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Discussion on Franchising or Expanding


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  #1  
Old 11-04-2005, 10:40 AM
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Hi Everyone,

I have been talking with Troy and Dan. They both own a lawn care operation and have been interested in learning how to expand or franchise their business.

Dan just recently wrote and said he has decided to start building a professional lawn care business with the intention of franchising in the future.

He has a background or maintaining high end golf courses.

Dan could you tell us a few things.

Why do you want to franchise your business?

What do you feel your franchise will be able to offer as opposed to other franchises out there. How will you stand out?
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  #2  
Old 11-04-2005, 02:36 PM
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My biggest problem for me is trying to get the money to get big. You have a double edged sword. You need to make money to get big, yet in order to be big, you have to have money.

I really want to get huge here in the next 2 to 3 years. The biggest problem I am facing though is personal and business debt. I would love it if in 3 to 5 years I was just in the office all day long. And 5+ years I would love it if I just had to come into work maybe 2 to 3 days a week.

I also want to expand beyond the state of Michigan and go south. I have in mind the Carolina's, Florida, and Texas as my choices.


Troy
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  #3  
Old 11-06-2005, 03:14 PM
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Franchising is an excellent idea, especially if you are interested in spending more time on the business side of things rather than in the field. The task should not be taken lightly though.

I am not an experienced franchiser however it is an option that I have investigated quite thoroughly.

The first thing I would say is that you must have your own operation streamlined and profitable. If you struggle with cash flow problems or fail to plan properly then these things need to be resolved before franchising or expanding or you are simply growing the problem. As well, if you find it very difficlut to produce quality work with hired help this could be a red flag.

Whether you franchise or just expand you have to have documented systems in place for everything. Morning procedures, after work procedures, job site procedures, year-end procedure... and so on. This must all be in place and running smoothly before making any other steps towards franchising. As Michael Gerber says 'People don't run businesses, systems run businesses and people run the systems'.

So when I mentioned that employees not producing the same top quality work as you is a red flag it's because you don't have systems in place. The new employee should know how to produce exactly the same as you because it's part of your written system. They are trained exactly how to do the job. Without this kind of meticulous training how will franchisees know how to produce the same outstanding results as the parent company?

So, in a nutshell... it's all about re-producable systems.

By the way, Gerber's book 'The E-myth Revisited' is a must read for anyone thinking about expanding.
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  #4  
Old 11-07-2005, 07:54 AM
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Troy,

There are three main ways I know of to expand your business. First is to find investors to help you fund your expansion. Second it to self fund your expansion. Third is to take on business partners.

Unless you know some close associates willing to invest in you, this is going to be a tough way to go.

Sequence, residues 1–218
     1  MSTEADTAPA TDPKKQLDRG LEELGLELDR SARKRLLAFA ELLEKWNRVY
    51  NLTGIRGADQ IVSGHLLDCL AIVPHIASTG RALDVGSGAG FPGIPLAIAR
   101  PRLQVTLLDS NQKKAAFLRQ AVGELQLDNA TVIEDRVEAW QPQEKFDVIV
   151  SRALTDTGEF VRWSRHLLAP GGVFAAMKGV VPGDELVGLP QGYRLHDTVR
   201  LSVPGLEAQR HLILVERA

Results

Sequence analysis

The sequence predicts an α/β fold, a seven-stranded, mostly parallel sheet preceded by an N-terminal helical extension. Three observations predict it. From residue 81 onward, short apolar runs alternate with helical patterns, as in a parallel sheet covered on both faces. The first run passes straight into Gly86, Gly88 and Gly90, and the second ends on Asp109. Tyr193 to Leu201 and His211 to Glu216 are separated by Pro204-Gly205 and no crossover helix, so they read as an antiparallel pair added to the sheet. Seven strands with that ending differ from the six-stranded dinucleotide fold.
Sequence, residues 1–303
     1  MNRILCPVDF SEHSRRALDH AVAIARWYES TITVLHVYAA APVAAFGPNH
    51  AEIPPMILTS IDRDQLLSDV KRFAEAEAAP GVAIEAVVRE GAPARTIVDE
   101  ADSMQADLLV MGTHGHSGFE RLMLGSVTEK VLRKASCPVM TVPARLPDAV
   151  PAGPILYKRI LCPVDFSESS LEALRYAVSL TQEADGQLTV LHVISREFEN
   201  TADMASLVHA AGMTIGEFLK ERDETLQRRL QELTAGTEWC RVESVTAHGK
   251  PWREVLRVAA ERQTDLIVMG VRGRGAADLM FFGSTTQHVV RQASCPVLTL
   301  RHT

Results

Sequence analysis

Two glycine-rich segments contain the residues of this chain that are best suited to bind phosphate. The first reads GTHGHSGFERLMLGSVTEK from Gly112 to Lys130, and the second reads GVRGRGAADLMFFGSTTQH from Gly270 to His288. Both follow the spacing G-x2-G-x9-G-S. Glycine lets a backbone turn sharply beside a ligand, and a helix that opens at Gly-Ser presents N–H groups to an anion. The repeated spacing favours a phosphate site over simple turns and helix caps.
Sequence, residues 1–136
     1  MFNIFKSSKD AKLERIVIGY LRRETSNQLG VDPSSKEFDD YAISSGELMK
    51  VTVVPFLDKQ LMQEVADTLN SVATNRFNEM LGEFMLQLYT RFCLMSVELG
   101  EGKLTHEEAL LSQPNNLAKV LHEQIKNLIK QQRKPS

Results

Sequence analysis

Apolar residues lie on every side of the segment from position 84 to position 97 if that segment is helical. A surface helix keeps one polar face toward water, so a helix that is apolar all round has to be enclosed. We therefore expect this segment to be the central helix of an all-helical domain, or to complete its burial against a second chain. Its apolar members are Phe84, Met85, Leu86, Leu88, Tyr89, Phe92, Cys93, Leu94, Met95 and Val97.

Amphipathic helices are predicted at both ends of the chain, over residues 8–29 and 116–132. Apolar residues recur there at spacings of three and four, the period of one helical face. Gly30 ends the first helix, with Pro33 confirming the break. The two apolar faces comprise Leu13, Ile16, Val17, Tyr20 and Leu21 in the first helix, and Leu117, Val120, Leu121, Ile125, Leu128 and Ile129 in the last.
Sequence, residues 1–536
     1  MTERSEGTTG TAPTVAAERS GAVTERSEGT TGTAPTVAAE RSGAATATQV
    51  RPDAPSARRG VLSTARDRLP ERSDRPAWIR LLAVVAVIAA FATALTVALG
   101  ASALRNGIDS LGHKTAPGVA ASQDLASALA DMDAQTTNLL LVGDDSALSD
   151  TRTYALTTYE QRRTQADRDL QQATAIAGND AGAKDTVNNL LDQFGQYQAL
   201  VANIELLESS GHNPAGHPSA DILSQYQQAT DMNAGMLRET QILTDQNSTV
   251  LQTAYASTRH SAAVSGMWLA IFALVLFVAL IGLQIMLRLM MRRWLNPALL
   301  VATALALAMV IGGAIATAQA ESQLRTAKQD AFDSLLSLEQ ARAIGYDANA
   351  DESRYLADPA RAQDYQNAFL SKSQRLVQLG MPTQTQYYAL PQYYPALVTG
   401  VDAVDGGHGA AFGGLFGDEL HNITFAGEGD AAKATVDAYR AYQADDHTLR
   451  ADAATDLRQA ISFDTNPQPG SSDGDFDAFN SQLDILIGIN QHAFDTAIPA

Self funding is also tough unless you have money to do it.

My suggestion is based on the way Paul Orfalea expanded his Kinko's company. This wasn't a franchise. He would find people he knew and got them to partner with him to open up Kinko's in different areas. Read his book here.

Remember though the first thing he did was he got one store working and profitable. He had a business process that could be duplicated just as Joel stated above.

My take is you need to get this process working first within your company. Get something up and running and keep tweaking it until you make it as profitable as possible. Then possibly try to spin off a route into a partnership with the best employee you have. Give that employee a financial incentive to do the best job they can. There is a tremendous amount of unused energy out there in people that you can harness if you give them a direction and a financial incentive to follow it.

When you get one spin off partnership like that, you can then use what you learned from it and recreate it again and again. If you have proven results you can find others that will be looking to you to help guide them to their pot of gold at the end of the rainbow.

I am willing to help you create more of a plan on how to do this as I am sure others on this forum are. Let's hear some of your feedback.
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  #5  
Old 11-07-2005, 03:28 PM
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what I really want to do is expand the business myself, without the partners. I am afraid that the partners will not follow my ideas and run the business into the ground. I would rather do it myself to know that I did it all of my own. Yes, it's probably going to take me longer, but I feel that it's more secure that way.
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Old 11-07-2005, 05:40 PM
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Sorry I'm late, I just received the link to this discussion.

I'm new to the lawn care business as mentioned above. I am a detailed person who is passionate about what I do. It boils down to wanting to be the best at what I do and doing whatever it takes to get there.

My goals with my new Lawn Care business are to provide top notch service to my surrounding area. Don't get me wrong, there are a few companies in my area already doing this, however, after speaking with many homeowners, these big companies lack an agronomically educated individual calling the shots and knowing whats best for a given grass.

Why do I want to franchise? Before I can answer this, I must state the mission statement of the business: To provide reliable, affordable, professional lawn care solutions to customers.